17 thoughts on “The Fine Art of Synopsis Writing”

  1. Oh Jackie. I totally had the same thing. In fact I think the syno was the major learning curve of the whole experience-you’ve described it way better than I could.

    It’s all about chucking your syno away. And re-writing it bare.

    When I finally ‘got’ it (and I’m still learning with each syno) I tried to explain what the syno is for future reference. The only phrases I could come up with were-the ’emotional spine’ of the story. The basic inner emotions route map of their journey to love. How they got where they needed to go. Remove all the urges to write plot and explanations and stuff and get down to the nitty gritty ‘tube map’.
    Sounds twee. But that’s what helped me move it forward.
    I’ll go now. I’m turning syno bore.
    Jude – hugs!

  2. Thank you so much for the last two posts they were so helpful.
    I am just getting ready to send in my partial and had no idea how to write a good synopsis. you may remeber me on the Nano board as ‘Britjane’. it has taken me this long to sort out the mistakes. I too am a pantser and a gemini! Next time I will try writing a synopsis first so I at least have some idea where I am going.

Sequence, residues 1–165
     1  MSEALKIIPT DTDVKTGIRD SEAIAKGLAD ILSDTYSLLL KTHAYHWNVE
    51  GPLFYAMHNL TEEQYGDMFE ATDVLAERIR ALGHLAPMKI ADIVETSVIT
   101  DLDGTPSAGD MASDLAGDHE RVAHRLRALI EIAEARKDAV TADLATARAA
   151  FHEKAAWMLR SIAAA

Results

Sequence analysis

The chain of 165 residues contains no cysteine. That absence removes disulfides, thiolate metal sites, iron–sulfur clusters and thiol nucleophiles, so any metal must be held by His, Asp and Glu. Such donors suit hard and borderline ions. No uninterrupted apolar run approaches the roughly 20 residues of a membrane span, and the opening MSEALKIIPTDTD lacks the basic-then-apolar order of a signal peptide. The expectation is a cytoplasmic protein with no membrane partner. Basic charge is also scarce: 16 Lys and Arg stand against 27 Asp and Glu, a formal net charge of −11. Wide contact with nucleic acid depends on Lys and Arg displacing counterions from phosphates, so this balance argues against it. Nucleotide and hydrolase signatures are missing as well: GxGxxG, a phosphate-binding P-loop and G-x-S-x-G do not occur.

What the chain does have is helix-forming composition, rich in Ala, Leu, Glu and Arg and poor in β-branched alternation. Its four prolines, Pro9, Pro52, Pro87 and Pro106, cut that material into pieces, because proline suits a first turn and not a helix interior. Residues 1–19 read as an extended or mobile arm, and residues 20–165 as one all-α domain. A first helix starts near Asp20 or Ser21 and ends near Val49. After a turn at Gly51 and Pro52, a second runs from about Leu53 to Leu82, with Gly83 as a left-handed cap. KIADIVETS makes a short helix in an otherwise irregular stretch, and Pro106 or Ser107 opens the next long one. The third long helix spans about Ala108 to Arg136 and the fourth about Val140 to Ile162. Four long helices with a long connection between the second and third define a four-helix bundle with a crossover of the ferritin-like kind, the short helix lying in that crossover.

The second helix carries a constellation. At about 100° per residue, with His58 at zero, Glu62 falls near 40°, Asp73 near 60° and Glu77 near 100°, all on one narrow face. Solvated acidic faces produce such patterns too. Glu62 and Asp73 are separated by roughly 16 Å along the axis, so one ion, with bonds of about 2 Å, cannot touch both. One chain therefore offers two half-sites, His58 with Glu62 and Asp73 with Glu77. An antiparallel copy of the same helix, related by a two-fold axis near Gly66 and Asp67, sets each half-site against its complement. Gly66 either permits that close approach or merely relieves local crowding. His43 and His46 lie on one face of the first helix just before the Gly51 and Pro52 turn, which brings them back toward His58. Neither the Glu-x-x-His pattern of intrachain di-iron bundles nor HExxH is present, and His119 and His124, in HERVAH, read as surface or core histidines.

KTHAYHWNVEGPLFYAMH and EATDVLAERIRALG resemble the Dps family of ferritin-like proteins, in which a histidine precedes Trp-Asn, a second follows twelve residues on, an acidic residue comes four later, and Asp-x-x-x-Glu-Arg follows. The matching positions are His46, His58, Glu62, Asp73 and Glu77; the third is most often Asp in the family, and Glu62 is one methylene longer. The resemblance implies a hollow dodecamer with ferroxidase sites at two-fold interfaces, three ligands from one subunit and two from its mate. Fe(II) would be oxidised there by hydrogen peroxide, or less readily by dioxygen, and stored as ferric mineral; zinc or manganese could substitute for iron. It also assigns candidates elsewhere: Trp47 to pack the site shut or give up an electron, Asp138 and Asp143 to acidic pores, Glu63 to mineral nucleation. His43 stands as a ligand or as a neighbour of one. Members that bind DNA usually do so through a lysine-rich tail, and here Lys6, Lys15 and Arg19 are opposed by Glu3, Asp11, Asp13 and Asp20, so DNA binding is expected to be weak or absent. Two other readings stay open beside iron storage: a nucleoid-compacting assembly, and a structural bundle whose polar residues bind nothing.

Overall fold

Good luck with your latest sub, I know you are going to make it.

  3. Judy – you’ve described it perfectly! I love the ’emotional spine’ of the story and putting down a ‘tube map’. That’s a fantastic way of describing it. My problem is not so much plot explanations as the emotional explanations. Get far too caught up with that. Probably because I didn’t have a clear idea about where the conflict was going. Doing a conflict synopsis first is probably a good idea for me.

    Janette, I did a single page, single spaced, and then two pages, also single spaced. You don’t have to double-space a synopsis – at least, I never have (unless it was for a competition).

    Jane, thanks so much and how lovely of you to post! Glad to know my little breakthroughs are useful for other people. Yep, it took me a while to come round to writing the synop first but it honestly makes things so much tighter. Which you need for category. Good luck with your synopsis and your sub – go geminis!

  4. Um, synopsis writing before the story? I’m holding my tongue or should that be my finger???
    Glad you’re going great guns, I go away for a few days and look what hapens ๐Ÿ™‚